“With Pyongyang bolstering its military capability through repeated weapons tests, intelligence sharing is more important than ever to counter nuclear threats from North Korea,” said Lee Ho-ryung, a researcher at the state-run Korea Institute for Defense Analyses in Seoul.
“South Korea’s withdrawal from GSOMIA undermines trilateral security cooperation between the United States and its two most important allies in East Asia at a critical time,” Lee said, adding that it also would send a “wrong signal to North Korea.”
The dispute between Japan and South Korea flared over compensation for wartime forced labor. It has since escalated into tit-for-tat measures fueled by nationalist sentiment in both countries, with moves that have affected South Korea’s electronics industry, Japan’s consumer goods and more.
The dispute began with consecutive South Korean Supreme Court rulings last year ordering Japanese companies to compensatevictims of forced labor during Japan’s occupation of Korea from 1910 to 1945.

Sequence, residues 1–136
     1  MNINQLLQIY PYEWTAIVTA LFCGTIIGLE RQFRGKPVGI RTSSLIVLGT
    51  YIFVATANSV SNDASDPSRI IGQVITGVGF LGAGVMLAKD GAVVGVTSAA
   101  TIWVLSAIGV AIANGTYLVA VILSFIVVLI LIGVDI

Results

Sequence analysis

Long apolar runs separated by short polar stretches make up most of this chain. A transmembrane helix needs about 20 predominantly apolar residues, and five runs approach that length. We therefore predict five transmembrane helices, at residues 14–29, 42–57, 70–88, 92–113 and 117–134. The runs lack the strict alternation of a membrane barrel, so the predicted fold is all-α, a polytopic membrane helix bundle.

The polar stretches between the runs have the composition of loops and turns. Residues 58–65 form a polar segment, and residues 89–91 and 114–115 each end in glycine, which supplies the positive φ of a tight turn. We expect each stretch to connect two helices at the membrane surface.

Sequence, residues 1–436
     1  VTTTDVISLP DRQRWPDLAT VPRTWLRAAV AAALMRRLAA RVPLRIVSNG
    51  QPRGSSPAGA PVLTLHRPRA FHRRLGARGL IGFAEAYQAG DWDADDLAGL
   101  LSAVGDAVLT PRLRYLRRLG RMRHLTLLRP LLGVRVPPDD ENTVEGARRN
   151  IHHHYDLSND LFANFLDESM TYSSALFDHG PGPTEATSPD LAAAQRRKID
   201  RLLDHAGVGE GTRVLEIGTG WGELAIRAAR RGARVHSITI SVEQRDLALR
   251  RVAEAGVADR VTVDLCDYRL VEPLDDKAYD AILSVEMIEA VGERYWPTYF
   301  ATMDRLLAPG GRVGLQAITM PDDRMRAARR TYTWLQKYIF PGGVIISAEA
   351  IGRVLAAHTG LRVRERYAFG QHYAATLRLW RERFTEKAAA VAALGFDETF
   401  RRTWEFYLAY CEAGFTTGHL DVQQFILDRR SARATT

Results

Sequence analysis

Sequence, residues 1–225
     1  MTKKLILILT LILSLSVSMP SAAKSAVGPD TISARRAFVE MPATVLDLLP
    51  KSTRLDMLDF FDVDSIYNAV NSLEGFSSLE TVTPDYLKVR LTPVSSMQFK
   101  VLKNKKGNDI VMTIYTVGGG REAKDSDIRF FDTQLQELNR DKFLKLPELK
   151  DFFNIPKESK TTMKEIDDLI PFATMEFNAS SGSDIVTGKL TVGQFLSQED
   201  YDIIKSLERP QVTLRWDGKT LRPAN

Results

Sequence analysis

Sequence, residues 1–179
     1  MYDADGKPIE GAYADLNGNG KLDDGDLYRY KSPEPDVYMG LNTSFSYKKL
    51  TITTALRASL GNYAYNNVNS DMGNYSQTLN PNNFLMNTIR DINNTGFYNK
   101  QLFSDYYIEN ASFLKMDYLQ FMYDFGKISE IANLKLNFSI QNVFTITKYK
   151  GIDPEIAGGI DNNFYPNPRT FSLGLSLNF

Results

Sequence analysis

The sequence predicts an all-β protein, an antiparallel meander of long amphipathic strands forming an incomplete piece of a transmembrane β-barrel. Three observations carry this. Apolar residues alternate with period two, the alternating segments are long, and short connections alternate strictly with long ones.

The judgments infuriated Japan’s government, which gave South Korea an economic aid package as final compensation and settlement of historical grievances when the countries restored diplomatic relations in 1965.
Japan’s response was to strike at South Korea’s status as a trusted trading partner, first imposing export controls on three chemicals vital for South Korea’s world-leading semiconductor industry and then removing the country from a “white list” of 27 nations that are trusted to import goods that may have military uses without jumping through bureaucratic hurdles.
Tokyo says it took the trade measures on national security grounds because of lax South Korean export controls, but the moves were widely viewed as retaliation.
Nationalist outrage has been fierce in South Korea, where bitterness about the country’s treatment during the Japanese occupation remains very much alive. There have been widespread boycotts of Japanese goods, including beer, cigarettes and clothes, and fewer South Korean tourists are visiting Japan.
Kim reported from Seoul. John Hudson in Ottawa contributed to this report.